Wednesday, October 10, 2012

What Goes Around, Comes Around: Two Tales Tied Together

Tale #1:

The Hubster and I were taking Tucker to the high school for a chance to try out band instruments.  Perri had stayed after school for band and then cheer practice, so she met us there.  While we stood in the long line of parents patiently awaiting our turn to speak with the powers that be, Perri sat down on the risers to talk to a fellow band member.  I walked over to them to ask Perri a question and that young man also joined in the conversation.  He was very friendly and personable, had a good sense of humor and impressed me with the fact that he was willing to carry on a conversation with a... *gasp*... PARENT!  ; )

I knew this young man's family but had never met him.  I used to see his parents during Little League season when his younger brother played baseball with Tucker and always thought they were very nice folks.  So a few days later when I ran into his mom at a high school football game, I made sure to tell her what a polite young man she was raising.  I told her how refreshing it was to meet a high school student who is willing and able to carry on a conversation with an adult, and that he seemed to be a very bright young  man.

And then a few days later...

Tale #2:
Tucker moved down off the bleachers to stand by the fence where he could watch the band more closely.  We were only 4 or 5 rows up the bleachers and it's a small-town high school stadium.  I wasn't afraid for him to be down there alone, even with the large crowd in attendance.  He was always within my line of sight.

And then suddenly, so was a whirling dervish of a little boy who had been running wildly all evening.   He appeared out of nowhere and went barreling directly into the side of a large garbage can that was overflowing.  The little guy hit the ground rolling, got himself up and was acting silly, as if it had made him dizzy.  He laughed and then continued making his way through the crowd, never even pretending to pick up any of the garbage he had spilled. 

Tucker looked at the kid as he ran off and then looked at the garbage littering the walkway along the fence where he was standing.  Then he did something that made this momma very proud.

He started picking up the empty paper plates, the dirty napkins and the smashed cups.  He kept at it for a as long as it took him to get the area clean and all the trash returned to the can.  Then he turned, leaned on the fence and started watching the band's performance once again.  He truly thought nothing of it.  He saw something that needed done and he did it.  Simple as that.

The next thing I know, there is a lady standing beside Tucker, leaning down to talk to him so he could hear her over the crowd.  I saw him turn and point to me and the lady walked to where we were seated.  She told Tucker and then us how she appreciated what he had done, cleaning up after that little boy ran off and left such a mess, and that she admired him for doing it without even being asked.

Yes, it was a very proud momma moment.  : )


Now I suppose you're wondering what Tale #1 really has to do with Tale #2.  Well, let me tell ya all about it.

Just before that football game had gotten started, my friend Kevin and I were discussing the way things have changed; the way that people have changed.  We talked about good people who perform good deeds. We talked about good people who don't really try all that hard.  We talked about how the common courtesies we were taught as kids are no longer quite so common.  We also talked about how many of today's kids have never witnessed that type of behavior and will very likely never learn it on their own.  And we talked about how truly sad that makes us.  We are both trying hard to raise our own kids to be courteous and friendly.  We teach them the value of giving back to their communities and reaching out to those less fortunate.  And we mostly try to teach them these things by example.  It's easy enough to talk the talk, but much more effective to walk the walk.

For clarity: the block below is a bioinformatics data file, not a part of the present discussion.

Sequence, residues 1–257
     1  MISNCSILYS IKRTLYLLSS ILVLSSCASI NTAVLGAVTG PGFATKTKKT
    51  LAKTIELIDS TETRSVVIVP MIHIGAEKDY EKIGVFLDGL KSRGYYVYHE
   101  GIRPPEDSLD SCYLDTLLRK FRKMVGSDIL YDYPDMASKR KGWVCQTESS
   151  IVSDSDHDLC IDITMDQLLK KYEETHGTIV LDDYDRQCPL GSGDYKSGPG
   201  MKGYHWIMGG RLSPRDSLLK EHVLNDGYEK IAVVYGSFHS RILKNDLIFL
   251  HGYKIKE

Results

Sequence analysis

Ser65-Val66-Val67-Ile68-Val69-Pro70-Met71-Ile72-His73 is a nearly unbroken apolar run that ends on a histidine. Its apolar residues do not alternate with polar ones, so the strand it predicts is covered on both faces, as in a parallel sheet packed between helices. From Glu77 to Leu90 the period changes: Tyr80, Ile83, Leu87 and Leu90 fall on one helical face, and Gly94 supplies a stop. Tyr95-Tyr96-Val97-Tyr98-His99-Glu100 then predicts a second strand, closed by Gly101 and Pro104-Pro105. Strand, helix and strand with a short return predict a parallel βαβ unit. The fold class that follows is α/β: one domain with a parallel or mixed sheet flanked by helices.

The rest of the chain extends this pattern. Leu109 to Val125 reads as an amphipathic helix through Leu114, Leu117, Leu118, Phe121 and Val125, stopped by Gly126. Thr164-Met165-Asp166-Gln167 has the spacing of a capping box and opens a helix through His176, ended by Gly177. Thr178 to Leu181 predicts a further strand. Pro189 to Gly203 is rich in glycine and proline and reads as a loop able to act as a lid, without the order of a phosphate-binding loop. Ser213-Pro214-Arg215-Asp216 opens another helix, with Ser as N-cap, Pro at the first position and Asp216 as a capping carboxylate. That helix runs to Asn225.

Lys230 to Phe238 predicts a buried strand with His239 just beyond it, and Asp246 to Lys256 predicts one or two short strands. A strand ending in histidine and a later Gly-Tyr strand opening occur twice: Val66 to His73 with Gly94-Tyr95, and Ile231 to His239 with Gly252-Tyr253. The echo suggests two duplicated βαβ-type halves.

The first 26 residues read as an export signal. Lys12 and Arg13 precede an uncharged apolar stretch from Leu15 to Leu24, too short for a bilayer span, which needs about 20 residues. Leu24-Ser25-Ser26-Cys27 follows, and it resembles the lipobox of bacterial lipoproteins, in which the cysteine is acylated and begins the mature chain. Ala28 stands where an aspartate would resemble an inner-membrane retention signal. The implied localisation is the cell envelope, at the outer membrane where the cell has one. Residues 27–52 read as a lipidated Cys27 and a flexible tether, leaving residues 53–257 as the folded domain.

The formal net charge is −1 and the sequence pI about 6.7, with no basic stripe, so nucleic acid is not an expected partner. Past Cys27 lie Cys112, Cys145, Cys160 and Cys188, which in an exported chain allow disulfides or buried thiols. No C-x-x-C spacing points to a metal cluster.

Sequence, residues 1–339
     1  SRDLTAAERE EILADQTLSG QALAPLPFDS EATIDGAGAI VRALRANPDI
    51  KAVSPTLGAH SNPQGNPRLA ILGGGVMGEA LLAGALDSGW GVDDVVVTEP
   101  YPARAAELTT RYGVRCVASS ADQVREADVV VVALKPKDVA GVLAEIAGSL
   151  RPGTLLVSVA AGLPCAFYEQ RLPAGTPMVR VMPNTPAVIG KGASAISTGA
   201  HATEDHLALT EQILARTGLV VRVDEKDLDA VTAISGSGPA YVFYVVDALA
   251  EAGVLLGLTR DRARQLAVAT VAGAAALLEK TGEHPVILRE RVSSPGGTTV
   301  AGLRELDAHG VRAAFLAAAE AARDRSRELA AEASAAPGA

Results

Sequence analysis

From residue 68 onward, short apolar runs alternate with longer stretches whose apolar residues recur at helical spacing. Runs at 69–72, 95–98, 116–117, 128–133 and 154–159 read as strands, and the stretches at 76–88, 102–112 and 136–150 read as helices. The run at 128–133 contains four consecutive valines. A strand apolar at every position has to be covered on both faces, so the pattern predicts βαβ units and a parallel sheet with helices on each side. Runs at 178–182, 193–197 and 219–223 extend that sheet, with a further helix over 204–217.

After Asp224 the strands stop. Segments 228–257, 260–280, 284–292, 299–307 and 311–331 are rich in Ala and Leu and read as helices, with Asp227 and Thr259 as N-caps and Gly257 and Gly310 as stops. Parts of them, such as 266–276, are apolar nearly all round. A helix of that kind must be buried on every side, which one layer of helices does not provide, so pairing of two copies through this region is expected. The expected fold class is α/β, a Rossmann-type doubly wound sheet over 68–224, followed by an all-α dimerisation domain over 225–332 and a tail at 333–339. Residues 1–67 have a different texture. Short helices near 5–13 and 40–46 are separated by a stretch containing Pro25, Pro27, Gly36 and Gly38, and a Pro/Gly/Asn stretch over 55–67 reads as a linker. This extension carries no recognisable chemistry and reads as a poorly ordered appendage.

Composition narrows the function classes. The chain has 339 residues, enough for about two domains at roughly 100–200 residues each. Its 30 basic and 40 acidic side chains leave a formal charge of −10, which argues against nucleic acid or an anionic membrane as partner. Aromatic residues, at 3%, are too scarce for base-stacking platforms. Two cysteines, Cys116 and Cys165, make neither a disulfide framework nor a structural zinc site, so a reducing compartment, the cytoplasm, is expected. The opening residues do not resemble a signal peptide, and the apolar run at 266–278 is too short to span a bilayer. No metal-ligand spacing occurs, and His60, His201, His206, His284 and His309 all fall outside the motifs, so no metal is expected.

I related Tale #1 to Kevin.  I told him that I think it is just as important to praise the good we see
in today's kids as it is to call them out on poor judgement.  In the last few years I have tried very hard to look for the good in even the most rotten of kids, and to then make mention of it.  You never know when a kind word from you may be the only kind word that child hears.  Also, to a struggling parent, such comments may bring a great deal of comfort when they're doubting their effectiveness.  As a mom I know how much I like to be informed of the good my kids do.  And honestly, if you aren't doing or saying something to make a positive difference in someone's day....well, what's the point?

So an hour and a half after Kevin and I had this conversation there is a lady I don't know taking the time to praise my child,  to tell me how much she appreciates his actions, and that I should be proud of him. 

Just exactly how cool is that?  : )

We can make a difference, folks.  It isn't going to happen all at once and there are going to be times when we don't see results right away....or even at all.  But we can't let that stop us from trying to do what's right, especially when it comes to today's youth.  They need encouragement.  They crave positive attention. 
So many of them don't get that at home.  And you may even find that you are struggling for something good to say to or about a kid who seems to be doing all he can to make life difficult.  But please hang in there.  Keep looking for the good and be sure you point it out when you find it.  Just a little praise can make a kid realize that doing the right thing is not so hard after all.  And it makes parents like me realize that all the effort we put into raising our kids to be kind, caring, productive members of society....well, it's all very worthwhile.  : )